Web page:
Dunham's Dodge Challenger SRT8 Project UltraViolet is no Laughing Matter
2012 Dodge Challenger SRT8 Project UltraViolet has been revealed at SEMA as part of Mopar's 75th anniversary celebration. The collaboration between Mopar, Street and Racing Technology (SRT) team, and comedian Jeff Dunham resulted in a custom Dodge Challenger SRT8.
Dunham speaks about it honestly: "It's a major understatement to say that I've been looking forward to the SEMA show this year, as we've had an awesome time creating this one-of-a-kind Challenger", who also says that the 1970 Plymouth Barracuda "as my favorite muscle car of all time".
Project UltraViolet takes its name from the two-tone paint scheme chosen for the Dodge. It combines an ‘ultra'-violet body color with a black upper half. Furthermore, under the hood is the new Mopar 426 crate engine, which is able to generate 515 horsepower (380 kW) and 490 lb.-ft. (665 Nm) of torque. In addition, the project also benefits from the new engine tuning capabilities performed by Arrington Engines.
To go even further into detail, the Dodge is lowered with 1 inch and equipped with 22-inch HRE brand performance wheels sporting a matte and semigloss black finish. The rear end is wider, and larger more dramatic wheels flares are added to both front and rear to widen the body with 4 inches and create a muscular stance.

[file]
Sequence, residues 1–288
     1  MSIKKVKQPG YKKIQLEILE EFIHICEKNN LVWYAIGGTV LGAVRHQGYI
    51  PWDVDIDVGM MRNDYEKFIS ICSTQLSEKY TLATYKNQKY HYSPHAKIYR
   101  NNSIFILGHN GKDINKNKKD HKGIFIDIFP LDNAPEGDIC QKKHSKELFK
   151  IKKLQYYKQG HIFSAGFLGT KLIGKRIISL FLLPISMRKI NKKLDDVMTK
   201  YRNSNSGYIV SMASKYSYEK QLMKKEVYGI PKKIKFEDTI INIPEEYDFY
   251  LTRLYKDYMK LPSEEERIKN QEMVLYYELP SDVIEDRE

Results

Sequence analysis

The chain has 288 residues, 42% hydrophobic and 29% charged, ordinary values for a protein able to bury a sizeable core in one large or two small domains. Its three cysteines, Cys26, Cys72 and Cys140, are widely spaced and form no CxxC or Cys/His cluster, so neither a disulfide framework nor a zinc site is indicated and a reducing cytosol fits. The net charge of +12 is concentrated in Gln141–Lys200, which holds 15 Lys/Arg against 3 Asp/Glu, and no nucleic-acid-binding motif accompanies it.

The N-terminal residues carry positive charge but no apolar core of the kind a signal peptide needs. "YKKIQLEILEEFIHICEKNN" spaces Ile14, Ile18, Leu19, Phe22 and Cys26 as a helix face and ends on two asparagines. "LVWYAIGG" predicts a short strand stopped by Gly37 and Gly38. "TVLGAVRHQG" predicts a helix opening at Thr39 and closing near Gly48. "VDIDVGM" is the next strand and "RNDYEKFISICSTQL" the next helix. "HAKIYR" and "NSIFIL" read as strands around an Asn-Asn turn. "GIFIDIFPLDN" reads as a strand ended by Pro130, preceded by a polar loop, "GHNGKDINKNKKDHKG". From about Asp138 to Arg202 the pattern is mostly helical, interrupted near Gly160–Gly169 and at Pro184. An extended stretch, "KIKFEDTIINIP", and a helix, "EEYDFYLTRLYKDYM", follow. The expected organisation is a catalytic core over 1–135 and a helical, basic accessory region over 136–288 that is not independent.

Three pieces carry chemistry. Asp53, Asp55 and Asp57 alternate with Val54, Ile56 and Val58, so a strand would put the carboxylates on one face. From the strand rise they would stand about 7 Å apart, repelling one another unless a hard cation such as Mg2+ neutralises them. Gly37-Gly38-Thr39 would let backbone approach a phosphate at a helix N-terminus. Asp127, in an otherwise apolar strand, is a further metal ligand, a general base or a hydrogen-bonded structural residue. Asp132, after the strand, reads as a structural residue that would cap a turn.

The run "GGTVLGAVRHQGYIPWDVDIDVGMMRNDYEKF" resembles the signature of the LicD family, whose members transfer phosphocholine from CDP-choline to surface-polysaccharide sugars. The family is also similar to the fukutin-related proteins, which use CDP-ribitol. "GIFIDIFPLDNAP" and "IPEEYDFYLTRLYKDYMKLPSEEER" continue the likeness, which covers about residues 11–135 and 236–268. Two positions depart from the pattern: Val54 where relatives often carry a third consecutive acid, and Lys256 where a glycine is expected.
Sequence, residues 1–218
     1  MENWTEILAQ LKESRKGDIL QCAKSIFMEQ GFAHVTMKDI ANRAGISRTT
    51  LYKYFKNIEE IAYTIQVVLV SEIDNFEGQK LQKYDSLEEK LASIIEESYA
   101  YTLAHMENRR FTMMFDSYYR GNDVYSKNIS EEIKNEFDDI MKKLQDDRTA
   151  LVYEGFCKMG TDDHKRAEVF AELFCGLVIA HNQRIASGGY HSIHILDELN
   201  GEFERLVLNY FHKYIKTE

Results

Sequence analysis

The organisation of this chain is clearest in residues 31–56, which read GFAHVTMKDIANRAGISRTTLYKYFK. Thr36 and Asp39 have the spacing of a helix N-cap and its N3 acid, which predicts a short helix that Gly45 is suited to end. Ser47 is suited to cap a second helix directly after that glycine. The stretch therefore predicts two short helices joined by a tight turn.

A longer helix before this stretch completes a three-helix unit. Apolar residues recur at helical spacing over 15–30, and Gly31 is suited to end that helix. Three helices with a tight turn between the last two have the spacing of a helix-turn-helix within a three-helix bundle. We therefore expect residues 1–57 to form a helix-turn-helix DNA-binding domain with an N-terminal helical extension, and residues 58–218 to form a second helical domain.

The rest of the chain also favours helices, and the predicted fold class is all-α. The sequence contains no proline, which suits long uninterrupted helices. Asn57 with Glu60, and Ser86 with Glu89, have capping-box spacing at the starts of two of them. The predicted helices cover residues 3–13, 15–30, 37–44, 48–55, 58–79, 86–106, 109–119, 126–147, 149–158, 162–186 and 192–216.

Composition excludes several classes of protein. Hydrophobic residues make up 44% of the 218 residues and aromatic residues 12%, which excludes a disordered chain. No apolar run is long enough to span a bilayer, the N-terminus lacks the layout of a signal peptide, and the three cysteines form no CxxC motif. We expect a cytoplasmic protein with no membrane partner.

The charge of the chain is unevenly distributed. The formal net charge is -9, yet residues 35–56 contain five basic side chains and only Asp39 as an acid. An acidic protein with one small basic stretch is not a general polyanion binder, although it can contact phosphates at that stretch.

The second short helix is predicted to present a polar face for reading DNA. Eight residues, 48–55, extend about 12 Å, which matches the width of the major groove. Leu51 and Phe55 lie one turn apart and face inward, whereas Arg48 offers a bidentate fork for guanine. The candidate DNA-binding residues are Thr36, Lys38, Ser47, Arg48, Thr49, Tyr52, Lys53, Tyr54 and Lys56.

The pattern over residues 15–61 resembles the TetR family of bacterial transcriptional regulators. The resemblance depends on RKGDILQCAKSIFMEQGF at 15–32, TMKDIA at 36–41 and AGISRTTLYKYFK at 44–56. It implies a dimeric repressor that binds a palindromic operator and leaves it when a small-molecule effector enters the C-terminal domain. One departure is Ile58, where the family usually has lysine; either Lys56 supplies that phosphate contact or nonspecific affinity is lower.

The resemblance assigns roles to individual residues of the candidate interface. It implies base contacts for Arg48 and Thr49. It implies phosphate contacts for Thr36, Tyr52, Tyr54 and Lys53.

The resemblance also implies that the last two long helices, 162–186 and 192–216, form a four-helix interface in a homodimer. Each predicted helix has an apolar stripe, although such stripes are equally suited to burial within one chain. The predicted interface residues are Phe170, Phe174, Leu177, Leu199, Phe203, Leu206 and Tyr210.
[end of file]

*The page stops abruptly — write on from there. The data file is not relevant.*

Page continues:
A lot of hand-made parts were utilized in this project: new rear diffuser, dive-planes, new front splitter, all-new rocker panels, new lower-rear spoilers, new deck-lid spoiler and custom aluminum side sills with the exhaust exiting in front of the rear wheels. Bumpers are changed as well, and the grille is now slightly larger. Headlamp lenses are added along with tinted taillights.
How about the interior? It includes premium materials and craftsmanship: handcrafted full-grain Nappa leather with color-keyed accent panels, premium-grade color-keyed accent stitching, computer-controlled custom embroidery, custom-built seats supplied by Lear, tuned exhaust with stainless steel tips by Palmer, and a Hurst brand short-throw shifter.
All of these elements combined together create an old-school muscle-car look, and contribute to the machine's more aggressive appearance.